Kelly Brown will lead his team into what is locally known as the “Shark Tank” on Saturday, the King’s Park home of the former Natal Sharks in Durban, and so they warmed up for their opening Castle Lager Test Series match with Samoa by diving in among the genuine sea-dwelling beasts.
The sight of Brown, Jim Hamilton and Al Kellock, among the tallest members of the Scotland squad, inside a small cage might have seemed appetising to any self-respecting great white, not to mention the morsel value of scrum-half Greig Laidlaw and some front rows, but as they returned to land from the early-morning dive, Brown’s focus was swiftly turning to the real fight he expects to ensue on dry land on Saturday afternoon.
“It was an awesome experience,” he said, “and it was great to get a bit of downtime as we work hard. There were about 15 or 20 sharks around us and they were pretty big but, as soon as you got into the cage, there was a guy outside the gate taking photos, and then you start to think ‘this is not going to be as dangerous as I first thought’. It was good to have a break because the build-up for the tournament is pretty intense on the field, and it has to be because this is going to be a tough few weeks.”
Having suffered a serious leg break, Brown missed the narrow win over Samoa in Apia last year, Rob Harley’s late try and Laidlaw’s conversion sealing a 17-16 victory, but he has enough experience of playing against and with Samoans to expect more of the form which accounted for Wales in Cardiff last year, almost claimed the scalp of France and propelled the South Sea Islanders up to seventh in the world rankings.
“The last time I played against Samoa was up in Aberdeen and we won, but it was the last kick of the game there too [Ruaridh Jackson], so we know it will be incredibly tough. We are upbeat and looking forward to it because we know we have beaten them in the past and that can only be a good thing.”
Greig Laidlaw is well used to being the hinge in the Scotland team after two years of flitting between scrum-half and stand-off. He became Scotland’s first-choice hinge through 2012 because the team needed go-forward and control in a way that no-one else seemed able to provide.
The Borderer is back in his familiar No 9 jersey now, with he and Scotland hoping that they might have uncovered a new contender to the role in Tom Heathcote, Laidlaw’s fourth fly-half partner in just 18 Test matches, but he is likely to remain the reliable hinge of the team as he helps the Inverness-born 21-year-old through his first international start.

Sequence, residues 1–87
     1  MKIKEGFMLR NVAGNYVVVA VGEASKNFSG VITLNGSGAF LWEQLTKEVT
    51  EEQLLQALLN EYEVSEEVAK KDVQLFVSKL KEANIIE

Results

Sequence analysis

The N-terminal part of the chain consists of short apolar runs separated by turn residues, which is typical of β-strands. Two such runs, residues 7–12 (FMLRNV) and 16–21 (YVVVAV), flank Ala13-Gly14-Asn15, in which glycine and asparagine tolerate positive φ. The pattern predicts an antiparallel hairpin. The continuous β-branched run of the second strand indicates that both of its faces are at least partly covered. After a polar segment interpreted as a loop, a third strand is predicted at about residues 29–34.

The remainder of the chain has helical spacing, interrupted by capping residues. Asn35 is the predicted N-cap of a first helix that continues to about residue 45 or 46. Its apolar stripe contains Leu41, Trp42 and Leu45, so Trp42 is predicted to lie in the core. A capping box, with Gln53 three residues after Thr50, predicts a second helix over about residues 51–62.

“I probably will talk to him and work with him a little bit more with it being Tom’s first start,” Laidlaw acknowledged, “but he’s looked good in training and is a quality player, which is why he’s here.
“With [Greig] Tonksy in there, who has a left peg, we can share the kicking duties between the three of us.” Having played for Scotland at stand-off and suffered a fair share of mental and physical pain for the cause, Laidlaw is best placed to be able to guide a Test newcomer through a game in front of an expected 30,000 supporters and facing the intensity of a Samoan defence. He acknowledged that that spell one place out had given him a fresh appreciation of the demands of an international “hinge”.
“I do have an idea of what he will be going through,” he said. “Playing stand-off definitely gives me a much better understanding of the pressures a Test match brings to a stand-off. If the ball is slow I’ll probably not ship it to the ten so much as I might have in the past. I’ll take it on myself or use the forwards to regenerate. With slow ball, if you have a blitz defence coming at you, it is not a very fun place to be. I’ll also probably take more of the kicking duties on myself. If you are kicking off the back foot, that’s when you tend to get charge downs, and the stand-off is the one who gets the criticism when it maybe wasn’t his fault.” But, underlining the fact that even players with caps are not necessarily seasoned veterans, this is Laidlaw’s first visit to South Africa. He was due to be part of the Scotland Under-19s Junior World Championship campaign but was forced to have surgery on a serious knee injury instead.
He insisted that he loved the experience of new cities and stadia, and was already revelling in the unique colourful domination of rugby in the media and among supporters on the streets, but when it comes to Scottish rugby he is pleased to see something stay the same for the time being – the position of Scott Johnson as coach, with confirmation that Vern Cotter will not be joining up until next summer.
“I think Scott’s a really good coach and he’s done a good job for us. I want to repay him again with another Test win come the weekend. Obviously, Vern is coming in a year’s time, but that makes no difference to us. As players, we are working with the great coaching team at the moment, and when he comes Vern can only help.”